My notes on La Rage du Démon (Fury of the Demon)
At just an hour long, this French mock-documentary assembles a collection of talking heads who take a roundabout route to the film’s subject – a mysterious short film entitled La Rage du Démon, which has apparently only been screened three times, always in a period of crisis and upheaval, and always with extreme results as audiences riot, try to kill each other (casualties are mentioned) and have hallucinogenic visions. Understandably, no one is able to give much of a description of the film itself, though evidently it features a materialised Devil. First shown in Paris in 1897 (at the height of the Dreyfus Affair, presumably), it disappeared only to be revived in America in 1939 as a curtain-raiser to Tod Browning’s last film Miracles for Sale (and, presumably, World War Two). The impetus for this documentary is the rediscovery of the film in a box stamped with swastikas in a Russian archive, and its presentation by shadowy American collector Edgar Allan Wallace at the Musée Grevin – with luminaries of the French film scene in attendance. After the riot – the film resists the temptation to include found footage phone camera shots of the carnage, or else lacks the budget and extras to stage even a snippet of orgiastic horror – the film vanishes again, though an expert suspects it’ll show up in the next century to foreshadow more terror.
Directors like Christophe Gans and Alexandre Aja and critics like Jean-Pierre Putters – who has Nightmare Movies on a shelf behind him during his interview – contribute sage yet enigmatic opinions and there’s a conclusion that cinéastes would like the film to be really cursed – no matter the outcome – because it proves that the cinema really is magic. Like Theodore Roszak’s novel Flicker and Ramsey Campbell’s Ancient Images, this takes care to establish a lot of film historical facts before salting in the fiction. At first, it’s thought that the film is the work of Georges Méliès, and experts (including his great-great-granddaughter) pipe up with background about his shift from stage magic into film, while talking up a link between conjuring tricks and the spiritualist craze of the 1890s which found Méliès briefly associating with Victor Sicarius, a more sinister spiritualist (and possible diabolist) who is put forward as the most likely creator of the cursed film. A murdered actress and Sicarius’s suicide figure in the legend too.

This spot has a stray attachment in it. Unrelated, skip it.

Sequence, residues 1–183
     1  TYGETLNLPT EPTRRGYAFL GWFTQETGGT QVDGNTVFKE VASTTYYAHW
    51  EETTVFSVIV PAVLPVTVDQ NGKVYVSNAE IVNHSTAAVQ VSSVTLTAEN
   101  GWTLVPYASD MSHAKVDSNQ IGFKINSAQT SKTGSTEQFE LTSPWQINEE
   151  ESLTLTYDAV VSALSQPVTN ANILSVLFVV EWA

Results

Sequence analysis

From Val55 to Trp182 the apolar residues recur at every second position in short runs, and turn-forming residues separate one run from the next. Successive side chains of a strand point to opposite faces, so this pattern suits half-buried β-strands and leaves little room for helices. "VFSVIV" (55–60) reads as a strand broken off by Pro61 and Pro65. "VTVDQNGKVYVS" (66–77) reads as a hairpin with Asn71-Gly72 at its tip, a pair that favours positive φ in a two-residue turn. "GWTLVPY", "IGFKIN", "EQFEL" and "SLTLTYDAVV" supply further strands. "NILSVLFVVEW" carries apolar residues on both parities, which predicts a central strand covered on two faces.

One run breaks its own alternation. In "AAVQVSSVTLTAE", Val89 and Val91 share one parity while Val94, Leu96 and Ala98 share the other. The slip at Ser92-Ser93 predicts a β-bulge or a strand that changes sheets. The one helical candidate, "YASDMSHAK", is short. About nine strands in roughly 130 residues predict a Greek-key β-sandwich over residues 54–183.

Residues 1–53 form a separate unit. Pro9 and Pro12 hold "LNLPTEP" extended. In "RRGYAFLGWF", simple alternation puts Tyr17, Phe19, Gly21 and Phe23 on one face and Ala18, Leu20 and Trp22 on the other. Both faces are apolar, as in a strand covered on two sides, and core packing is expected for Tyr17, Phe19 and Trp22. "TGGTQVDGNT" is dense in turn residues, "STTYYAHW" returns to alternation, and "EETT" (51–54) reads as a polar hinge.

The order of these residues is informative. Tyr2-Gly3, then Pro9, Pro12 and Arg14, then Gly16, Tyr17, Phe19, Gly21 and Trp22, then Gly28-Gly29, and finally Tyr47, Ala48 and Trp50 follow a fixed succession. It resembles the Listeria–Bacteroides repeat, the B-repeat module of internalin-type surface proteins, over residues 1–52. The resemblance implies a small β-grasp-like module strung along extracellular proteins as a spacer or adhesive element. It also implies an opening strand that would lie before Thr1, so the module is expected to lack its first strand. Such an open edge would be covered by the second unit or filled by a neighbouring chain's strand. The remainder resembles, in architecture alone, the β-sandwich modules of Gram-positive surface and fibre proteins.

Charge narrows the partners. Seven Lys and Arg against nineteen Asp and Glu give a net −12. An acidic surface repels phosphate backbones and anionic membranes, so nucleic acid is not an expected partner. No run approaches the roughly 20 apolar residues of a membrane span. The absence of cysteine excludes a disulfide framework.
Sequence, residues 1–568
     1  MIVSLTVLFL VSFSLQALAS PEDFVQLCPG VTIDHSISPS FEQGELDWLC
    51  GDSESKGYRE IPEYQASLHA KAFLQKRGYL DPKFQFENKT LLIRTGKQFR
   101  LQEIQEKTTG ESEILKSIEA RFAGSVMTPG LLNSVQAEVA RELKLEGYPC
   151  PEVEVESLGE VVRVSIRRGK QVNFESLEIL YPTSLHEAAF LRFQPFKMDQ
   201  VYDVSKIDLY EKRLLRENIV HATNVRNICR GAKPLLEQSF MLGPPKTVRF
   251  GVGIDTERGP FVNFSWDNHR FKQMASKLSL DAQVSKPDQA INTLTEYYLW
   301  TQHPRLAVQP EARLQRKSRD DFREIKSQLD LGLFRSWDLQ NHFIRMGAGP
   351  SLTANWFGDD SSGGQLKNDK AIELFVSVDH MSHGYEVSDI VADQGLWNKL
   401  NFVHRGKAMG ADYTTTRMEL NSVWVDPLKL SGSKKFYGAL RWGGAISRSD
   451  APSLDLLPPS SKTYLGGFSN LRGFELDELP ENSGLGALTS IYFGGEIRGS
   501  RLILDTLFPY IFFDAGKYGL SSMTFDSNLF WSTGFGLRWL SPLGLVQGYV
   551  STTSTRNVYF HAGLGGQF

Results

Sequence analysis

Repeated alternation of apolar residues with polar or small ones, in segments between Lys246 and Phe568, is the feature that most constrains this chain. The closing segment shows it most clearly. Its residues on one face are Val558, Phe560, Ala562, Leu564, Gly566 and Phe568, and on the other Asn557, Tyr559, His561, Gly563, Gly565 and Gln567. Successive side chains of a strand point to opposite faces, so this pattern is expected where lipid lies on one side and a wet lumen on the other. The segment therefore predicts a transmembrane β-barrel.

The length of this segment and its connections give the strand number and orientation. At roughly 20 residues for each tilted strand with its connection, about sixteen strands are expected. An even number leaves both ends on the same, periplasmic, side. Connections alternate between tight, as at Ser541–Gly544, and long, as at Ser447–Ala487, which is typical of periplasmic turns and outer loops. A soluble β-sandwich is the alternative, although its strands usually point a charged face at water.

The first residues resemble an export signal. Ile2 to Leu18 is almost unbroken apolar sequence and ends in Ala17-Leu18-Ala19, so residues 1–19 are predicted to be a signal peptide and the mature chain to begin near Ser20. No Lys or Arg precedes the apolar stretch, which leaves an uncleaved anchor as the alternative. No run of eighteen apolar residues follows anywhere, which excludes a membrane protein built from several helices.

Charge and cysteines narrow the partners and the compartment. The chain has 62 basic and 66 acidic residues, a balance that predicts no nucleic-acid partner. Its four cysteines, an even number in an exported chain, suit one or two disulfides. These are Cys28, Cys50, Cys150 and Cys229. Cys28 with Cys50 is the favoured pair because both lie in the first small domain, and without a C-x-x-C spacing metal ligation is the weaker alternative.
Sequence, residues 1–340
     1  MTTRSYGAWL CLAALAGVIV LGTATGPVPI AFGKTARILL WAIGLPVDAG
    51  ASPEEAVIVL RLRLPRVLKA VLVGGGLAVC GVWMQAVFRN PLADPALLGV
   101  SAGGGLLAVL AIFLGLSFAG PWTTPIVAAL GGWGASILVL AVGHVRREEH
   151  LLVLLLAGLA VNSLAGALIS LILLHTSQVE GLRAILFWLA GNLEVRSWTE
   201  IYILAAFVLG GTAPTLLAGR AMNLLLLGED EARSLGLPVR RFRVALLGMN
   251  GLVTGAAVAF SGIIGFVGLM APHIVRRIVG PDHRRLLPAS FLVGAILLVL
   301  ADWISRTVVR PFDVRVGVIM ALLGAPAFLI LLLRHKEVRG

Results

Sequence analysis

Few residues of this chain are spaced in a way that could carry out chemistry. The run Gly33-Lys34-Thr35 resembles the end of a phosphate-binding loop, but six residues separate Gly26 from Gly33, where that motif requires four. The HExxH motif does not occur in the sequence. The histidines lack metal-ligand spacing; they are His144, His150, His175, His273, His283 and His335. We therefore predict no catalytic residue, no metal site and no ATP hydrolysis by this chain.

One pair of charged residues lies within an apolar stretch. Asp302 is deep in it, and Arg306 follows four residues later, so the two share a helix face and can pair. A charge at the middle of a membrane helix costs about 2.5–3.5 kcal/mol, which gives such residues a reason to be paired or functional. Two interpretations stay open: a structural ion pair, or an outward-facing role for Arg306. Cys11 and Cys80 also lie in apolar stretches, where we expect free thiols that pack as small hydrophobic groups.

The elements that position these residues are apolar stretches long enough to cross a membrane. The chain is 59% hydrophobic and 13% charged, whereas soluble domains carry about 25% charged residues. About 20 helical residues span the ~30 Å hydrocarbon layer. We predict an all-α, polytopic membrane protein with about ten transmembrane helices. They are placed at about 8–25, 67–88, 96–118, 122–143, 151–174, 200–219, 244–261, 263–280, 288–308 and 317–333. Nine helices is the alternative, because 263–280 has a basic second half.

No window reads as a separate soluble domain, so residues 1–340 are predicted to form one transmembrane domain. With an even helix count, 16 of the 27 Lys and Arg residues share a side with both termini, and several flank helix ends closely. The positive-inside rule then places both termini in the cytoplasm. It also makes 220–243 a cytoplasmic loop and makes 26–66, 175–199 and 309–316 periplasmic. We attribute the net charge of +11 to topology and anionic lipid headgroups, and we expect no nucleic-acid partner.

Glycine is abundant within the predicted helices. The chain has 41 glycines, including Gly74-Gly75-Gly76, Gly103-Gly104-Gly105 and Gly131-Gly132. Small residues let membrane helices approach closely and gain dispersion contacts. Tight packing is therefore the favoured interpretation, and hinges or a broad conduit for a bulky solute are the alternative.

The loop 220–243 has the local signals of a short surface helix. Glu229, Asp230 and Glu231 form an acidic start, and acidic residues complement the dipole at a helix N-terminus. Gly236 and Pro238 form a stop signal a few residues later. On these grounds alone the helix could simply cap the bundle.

It uses quite a few clips from Méliès’ films and other silent fantasy – quite striking is the intercutting of Méliès Voyage to the Moon with a ripoff that restages its key scenes – and there may well be a few moments of new-made old movie in there too, though this doesn’t spend much time on the Forgotten Cinema practice of faking footage which, by the rules of the story, shouldn’t be shown. Actually, this is a bit timid – a more sensationalist (dare one say American) filmmaker than Fabien Delage would at least start to go the Halloween III route and threaten to unleash the film on the internet to spread havoc throughout the world. It’s playful rather than truly sinister, but sweet.